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Signs Of Life

Columns by Pamela Majteles

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Posted by pam on January 14, 2011 at 10:32 pm

Originally published June 13, 2008

Reprinted with permission from Bay Area News Group – East Bay.

I’ve never been good at saving mementos from the past. It probably has to do with my aversion to clutter and not ever knowing where to put the remnants of life such as graduation caps and corsages.

As with most things, however, my mother knows because she recently sent me a box of remnants from the first 25 years of my life. Everything fit neatly in a small packing box, attesting to the fact, that compared to me, my mother has only slightly less aversion to clutter– she saved sparingly.

Along with disliking clutter, I’ve also never attached much sentimentality to objects. Looking through the box, it was difficult to feel anything for the yellowed pieces of paper with grade school poems and drawings or the scratched plaques awarded for spelling and essay contests. The same was true for the high school and college mementos like the fuzzy prom photos and wrinkled graduation programs.

It seemed to me the contents of the box could have belonged to almost anyone. They were typical things people save, so typical they might be used as props to convey a background or set a scene in a movie. Considering my lack of emotional response, it wasn’t hard to imagine them as props — more fake than real.

Some old cards and letters at the bottom of the box, however, had a different effect. In the same way an actor’s performance can make a scene seem real, the sender’s written words made the cards and letters come alive.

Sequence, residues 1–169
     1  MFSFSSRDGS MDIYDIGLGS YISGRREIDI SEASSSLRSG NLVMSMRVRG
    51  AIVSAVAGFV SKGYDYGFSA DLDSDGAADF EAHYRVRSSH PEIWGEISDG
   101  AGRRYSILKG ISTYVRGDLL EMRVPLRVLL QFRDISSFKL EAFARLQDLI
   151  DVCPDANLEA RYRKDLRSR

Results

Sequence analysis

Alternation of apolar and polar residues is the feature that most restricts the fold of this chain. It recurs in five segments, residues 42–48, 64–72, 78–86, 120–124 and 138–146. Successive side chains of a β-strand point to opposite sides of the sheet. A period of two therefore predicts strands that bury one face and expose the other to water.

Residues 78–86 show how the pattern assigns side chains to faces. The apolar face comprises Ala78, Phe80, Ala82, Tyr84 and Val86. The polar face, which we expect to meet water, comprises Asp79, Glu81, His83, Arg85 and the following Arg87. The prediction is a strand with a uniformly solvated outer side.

I found a “going away” card that I received from a friend when I was eleven, before my family’s move to another town. My friend recounted some of our experiences together: hopscotch games, roller skating down the steep streets of town, and lemonade picnics. She concluded, “I’ll remember your smile with braces the best.” Her words helped me remember her wide smile, along with her red hair.

Old letters from my grandmother also created a vivid picture of her. In her letters, she regularly wrote about her small town life with characteristic humor. In one of them, she described a heavy snowstorm that cut-off power to her house, and how she made her way to a friend’s with the help of the town firemen, who took her in their fire truck with lights flashing. “I should have been embarrassed, but I was not,” she wrote.

My grandmother never missed an opportunity to express her affection with words and, as I recalled, money tucked into the envelope. “I hope you can find something for this little bit of money,” she wrote. “I wish it was a million.”

A college graduation card from my father made him appear in sharper focus than any memory I have of him. As a person who rarely expressed affection, he had written, “My thoughts and love will accompany you as you take the diploma.” Reading his loving words, my father seemed more real to me at that moment, than at other times I could recall.

As I packed everything back in the box, I placed the cards and letters on top with care. It seems some things are worth saving.

Creative Commons License This work is licensed under a Creative Commons Attribution-Noncommercial-No Derivative Works 2.5 License.

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